Do not respond to abusive messages or threats. It could make things worse and you might be accused of cyberbullying. Internet trolls want a reaction from you – why give them what they want?
Don’t try and deal with this alone – talk to somebody you trust such as your parents, a friend, a family member or a teacher about it. New perspectives can help you to find new solutions.
Record and store any abusive posts, emails or messages. Some types of cyberbullying, harassment and online abuse constitute a criminal offense, and you might need to demonstrate ‘ongoing harassment’ for legal action to be successful at a later date. For help with how to store evidence, visit our technical advice section.
You can stop someone from sending you abusive messages and posting nasty comments on most major platforms by blocking and reporting them to the site administrator. Visit our social media guide to learn more about the reporting procedure for each individual social media platform.
Never share your passwords with anybody, even your friends! If you do, you could lose control of your own accounts, and have trouble regaining control of them. People can then share your personal information publicly. Treat your passwords like your toothbrush – change them frequently and don’t share them with anybody!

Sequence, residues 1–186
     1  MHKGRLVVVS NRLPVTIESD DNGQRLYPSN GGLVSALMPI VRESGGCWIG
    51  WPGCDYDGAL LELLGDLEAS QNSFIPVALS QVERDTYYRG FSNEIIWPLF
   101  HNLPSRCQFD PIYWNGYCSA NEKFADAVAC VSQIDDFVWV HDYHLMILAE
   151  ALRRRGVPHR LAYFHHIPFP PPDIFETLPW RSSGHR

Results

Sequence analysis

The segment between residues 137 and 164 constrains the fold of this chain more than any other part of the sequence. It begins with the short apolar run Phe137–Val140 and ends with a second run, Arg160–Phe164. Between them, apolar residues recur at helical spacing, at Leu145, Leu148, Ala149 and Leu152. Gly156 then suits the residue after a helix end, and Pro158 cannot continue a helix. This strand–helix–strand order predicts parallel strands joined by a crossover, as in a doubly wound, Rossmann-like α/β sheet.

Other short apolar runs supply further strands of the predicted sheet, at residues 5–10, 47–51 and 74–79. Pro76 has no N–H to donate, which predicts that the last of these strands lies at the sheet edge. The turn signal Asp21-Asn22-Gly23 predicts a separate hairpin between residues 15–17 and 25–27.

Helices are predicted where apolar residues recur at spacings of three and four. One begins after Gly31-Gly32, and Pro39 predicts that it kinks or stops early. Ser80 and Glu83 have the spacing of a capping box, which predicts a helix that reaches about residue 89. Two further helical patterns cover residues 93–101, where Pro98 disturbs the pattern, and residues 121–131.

If anyone you don’t know tries to arrange to meet you, tell your parents or somebody you trust immediately. Never meet anybody you don’t know and don’t share personal information with them such as real names, addresses, emails or phone numbers.
Most online problems start with a misunderstanding, so think about what you really want to say before you start to write. Everybody that uses the internet should have a basic understanding of netiquette.
Avoid becoming involved in cyberbullying campaigns. Don’t pass on or promote an abusive or rude comment, message or picture just because “everyone else is doing it.” Stop and think about how that person feels. If you feel you can do it safely, reach out to the victim and point them towards our Global Support Service.
If you see someone is being cyberbullied don’t just stand by and let them suffer. Report it to the platform you are using, your parents or a teacher at your school. You can learn more about reporting abusive content online in our social media guide.